3. ^ Kaistia is currently included in Rhizobiaceae.
  4. ^ Rhodomicrobium is currently included in Hyphomicrobiaceae.
  5. ^ Meganema is currently included in Methylobacteriaceae.

References[edit]

  1. ^ a b c d e f g h The SILVA database, release 132. Accessed on 5/18/2018. See
  2. ^ a b Beck, D. A. C.; McTaggart, T. L.; Setboonsarng, U.; Vorobev, A.; Goodwin, L.; Shapiro, N.; Woyke, T.; Kalyuzhnaya, M. G.; Lidstrom, M. E.; Chistoserdova, L. (2015). "Multiphyletic origins of methylotrophy in Alphaproteobacteria, exemplified by comparative genomics of Lake Washington isolates". Environmental Microbiology. 17 (3): 547–54. doi:10.1111/1462-2920.12736. PMID 25683159. 
  3. ^ Bao Z, Sato Y, Fujimura R, Ohta H. (2014). "Alsobacter metallidurans gen. nov., sp. nov., a thallium-tolerant soil bacterium in the order Rhizobiales". Int. J. Syst. Evol. Microbiol. 64: 775–780. doi:10.1099/ijs.0.054783-0. 
  4. ^ Zeevi ben Yosef D, ben-Dov E, Kushmaro A. (2008). "Amorphus coralli gen. nov., sp. nov., a marine bacterium isolated from coral mucus, belonging to the order Rhizobiales". Int. J. Syst. Evol. Microbiol. 58: 2704–2709. doi:10.1099/ijs.0.65462-0. 
  5. ^ a b Yee B, Oertli GE, Fuerst JA, Staley JT. (2010). "Reclassification of the polyphyletic genus Prosthecomicrobium to form two novel genera, Vasilyevaea gen. nov. and Bauldia gen. nov. with four new combinations: Vasilyevaea enhydra comb. nov., Vasilyevaea mishustinii comb. nov., Bauldia consociata comb. nov. and Bauldia litoralis comb. nov". Int. J. Syst. Evol. Microbiol. 60: 2960–2966. doi:10.1099/ijs.0.018234-0. PMC 3052453Freely accessible. 
  6. ^ Poroshina MN, Trotsenko YA, Doronina NV. (2015). "Methylobrevis pamukkalensis gen. nov., sp. nov., a halotolerant restricted facultative methylotroph isolated from saline water". Int. J. Syst. Evol. Microbiol. 65: 1321–1327. doi:10.1099/ijs.0.000105. 
  7. ^ Takeuchi M, Katayama T, Yamagishi T, Hanada S, Tamaki H, Kamagata Y, Oshima K, Hattori M, Marumo K, Nedachi M, Maeda H, Suwa Y, Sakata S. (2014). "Methyloceanibacter caenitepidi gen. nov., sp. nov., a facultatively methylotrophic bacterium isolated from marine sediments near a hydrothermal vent". Int. J. Syst. Evol. Microbiol. 64: 462–468. doi:10.1099/ijs.0.053397-0.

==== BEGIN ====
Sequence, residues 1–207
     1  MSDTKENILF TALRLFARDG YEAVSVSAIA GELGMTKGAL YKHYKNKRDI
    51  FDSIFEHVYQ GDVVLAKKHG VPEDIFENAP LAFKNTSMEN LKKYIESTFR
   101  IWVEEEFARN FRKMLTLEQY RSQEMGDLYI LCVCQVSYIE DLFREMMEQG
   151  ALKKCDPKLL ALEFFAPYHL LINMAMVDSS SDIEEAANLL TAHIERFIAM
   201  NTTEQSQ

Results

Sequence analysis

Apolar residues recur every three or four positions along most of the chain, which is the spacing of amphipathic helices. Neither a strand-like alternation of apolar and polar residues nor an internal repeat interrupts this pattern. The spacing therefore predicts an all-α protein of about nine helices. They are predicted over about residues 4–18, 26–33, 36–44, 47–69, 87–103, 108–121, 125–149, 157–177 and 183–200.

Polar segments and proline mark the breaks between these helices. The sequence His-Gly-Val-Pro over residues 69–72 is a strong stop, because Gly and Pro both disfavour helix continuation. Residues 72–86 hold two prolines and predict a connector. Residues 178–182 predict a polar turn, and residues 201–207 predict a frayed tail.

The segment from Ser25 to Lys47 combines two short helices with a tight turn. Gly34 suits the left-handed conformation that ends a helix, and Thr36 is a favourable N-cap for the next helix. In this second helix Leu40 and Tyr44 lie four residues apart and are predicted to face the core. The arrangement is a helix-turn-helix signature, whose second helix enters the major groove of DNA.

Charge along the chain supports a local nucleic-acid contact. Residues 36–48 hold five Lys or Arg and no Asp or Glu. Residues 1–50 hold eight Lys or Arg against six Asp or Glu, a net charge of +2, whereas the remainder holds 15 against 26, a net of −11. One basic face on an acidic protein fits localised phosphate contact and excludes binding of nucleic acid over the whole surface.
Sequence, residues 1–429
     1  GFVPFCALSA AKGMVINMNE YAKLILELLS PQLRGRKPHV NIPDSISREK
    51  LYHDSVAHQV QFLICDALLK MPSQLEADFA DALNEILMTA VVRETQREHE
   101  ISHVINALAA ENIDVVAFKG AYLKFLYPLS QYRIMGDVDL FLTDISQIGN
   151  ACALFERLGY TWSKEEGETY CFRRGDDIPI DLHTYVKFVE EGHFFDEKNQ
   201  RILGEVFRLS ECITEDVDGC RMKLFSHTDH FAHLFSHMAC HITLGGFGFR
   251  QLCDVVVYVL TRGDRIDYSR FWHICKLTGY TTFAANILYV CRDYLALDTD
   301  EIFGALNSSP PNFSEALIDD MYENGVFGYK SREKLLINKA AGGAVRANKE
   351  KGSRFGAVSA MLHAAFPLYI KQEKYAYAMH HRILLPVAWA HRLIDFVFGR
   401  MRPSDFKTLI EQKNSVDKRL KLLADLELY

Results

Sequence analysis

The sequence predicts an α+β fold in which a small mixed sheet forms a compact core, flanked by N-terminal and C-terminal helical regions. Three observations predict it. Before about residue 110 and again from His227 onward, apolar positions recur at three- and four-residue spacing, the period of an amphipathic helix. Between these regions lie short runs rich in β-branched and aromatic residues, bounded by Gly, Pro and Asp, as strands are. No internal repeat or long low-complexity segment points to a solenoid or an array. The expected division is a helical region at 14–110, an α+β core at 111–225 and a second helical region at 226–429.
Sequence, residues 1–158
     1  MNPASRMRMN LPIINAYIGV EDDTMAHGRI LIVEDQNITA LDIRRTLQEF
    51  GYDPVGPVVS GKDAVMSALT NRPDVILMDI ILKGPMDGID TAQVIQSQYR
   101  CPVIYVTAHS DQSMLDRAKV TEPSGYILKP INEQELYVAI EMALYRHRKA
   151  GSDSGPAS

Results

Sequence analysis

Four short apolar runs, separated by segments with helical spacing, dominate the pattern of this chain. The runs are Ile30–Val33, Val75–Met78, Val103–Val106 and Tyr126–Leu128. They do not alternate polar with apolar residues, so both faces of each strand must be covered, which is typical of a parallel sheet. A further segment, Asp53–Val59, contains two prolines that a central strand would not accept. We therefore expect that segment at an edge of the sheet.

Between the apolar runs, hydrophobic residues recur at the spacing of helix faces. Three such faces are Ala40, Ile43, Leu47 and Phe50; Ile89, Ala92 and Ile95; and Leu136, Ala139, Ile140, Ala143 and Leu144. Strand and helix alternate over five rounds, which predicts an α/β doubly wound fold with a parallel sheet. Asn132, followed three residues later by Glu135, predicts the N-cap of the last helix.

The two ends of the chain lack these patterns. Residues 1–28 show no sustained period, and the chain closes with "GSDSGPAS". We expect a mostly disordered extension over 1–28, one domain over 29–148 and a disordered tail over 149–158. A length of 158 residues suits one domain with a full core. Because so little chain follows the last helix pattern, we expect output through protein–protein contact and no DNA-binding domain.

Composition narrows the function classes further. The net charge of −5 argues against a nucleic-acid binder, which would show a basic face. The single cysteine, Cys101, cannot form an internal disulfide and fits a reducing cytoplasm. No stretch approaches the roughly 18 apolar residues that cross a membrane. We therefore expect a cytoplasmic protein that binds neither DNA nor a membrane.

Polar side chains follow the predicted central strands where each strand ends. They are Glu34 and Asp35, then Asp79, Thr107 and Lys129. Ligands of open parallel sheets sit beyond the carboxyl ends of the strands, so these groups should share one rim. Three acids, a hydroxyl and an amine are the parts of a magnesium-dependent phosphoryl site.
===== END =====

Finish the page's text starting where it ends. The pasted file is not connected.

8. ^ Doronina NV, Poroshina MN, Kaparullina EN, Ezhov VA, Trotsenko YA. (2013). "Methyloligella halotolerans gen. nov., sp. nov. and Methyloligella solikamskensis sp. nov., two non-pigmented halotolerant obligately methylotrophic bacteria isolated from the Ural saline environments". Syst. Appl. Microbiol. 36: 148–154. doi:10.1016/j.syapm.2012.12.001. 
  9. ^ J.P. Euzéby. "Proteobacteria (scroll down for Rhizobiales)". List of Prokaryotic names with Standing in Nomenclature. Archived from the original on 2013-01-27. Retrieved 2012-05-02. 
  10. ^ "Rhizobiales". National Center for Biotechnology Information. Retrieved 2012-05-02. 
  11. ^ Collapsed from the tree built by PATRIC Archived 2016-03-15 at the Wayback Machine.. Access date: 2012-05-02.
  12. ^ Demanèche S, Kay E, Gourbière F, Simonet P (2001). "Natural transformation of Pseudomonas fluorescens and Agrobacterium tumefaciens in soil". Appl. Environ. Microbiol. 67 (6): 2617–21. doi:10.1128/AEM.67.6.2617-2621.2001. PMC 92915Freely accessible. PMID 11375171. 
  13. ^ O'Connor M, Wopat A, Hanson RS (1977). "Genetic transformation in Methylobacterium organophilum". J. Gen. Microbiol. 98 (1): 265–72. doi:10.1099/00221287-98-1-265. PMID 401866. 
  14. ^ Raina JL, Modi VV (1972). "Deoxyribonucleate binding and transformation in Rhizobium japonicum". J. Bacteriol. 111 (2): 356–60. PMC 251290Freely accessible. PMID 4538250. 

Further reading[edit]

  • Kuykendall, L. D. and Dazzo, F.B. 2005. Allorhizobium. In Brenner, Krieg, Staley and Garrity (Editors), The Alpha-, Beta-, Delta- and Epsilonproteobacteria, The Proteobacteria, Part C, Bergey’s Manual of Systematic Bacteriology, 2nd. Ed., Vol. 2, Springer, New York, NY, pp. 345–346.
  • Kuykendall, L. D. 2005 Genus Azorhizobium. In Brenner, Krieg, Staley and Garrity (Editors), The Alpha-, Beta-, Delta- and Epsilonproteobacteria, The Proteobacteria, Part C, Bergey’s Manual of Systematic Bacteriology, 2nd. Ed.,Vol. 2, Springer, New York, NY, pp. 505–506.
  • Kuykendall, L.D. 2005. Genus Bradyrhizobium, family Bradyrhizobiaceae. In: Bergey's Manual of Systematic Bacteriology, 2nd Edition, 2nd Volume. George Garrity, (Ed.) Springer–Verlag, New York, NY, pp. 438–443.
  • Chen, W. X., E.T. Wang, and L.D. Kuykendall. 2005. Genus Mesorhizobium, Family Photobacteriaceae. In: Bergey's Manual of Systematic Bacteriology, 2nd Edition, 2nd Volume. George Garrity, (Ed.) Springer–Verlag, New York, NY, pp. 403–408.,
  • Kuykendall, L.D., J.M. Young, E. Martínez-Romero, A. Kerr, and H. Sawada. 2005. Genus Rhizobium, a highly divergent genus in a revised family, the Rhizobiaceae. In: Bergey's Manual of Systematic Bacteriology, 2nd Edition, 2nd Volume. George Garrity, (Ed.) Springer–Verlag, New York, NY, pp. 324–340.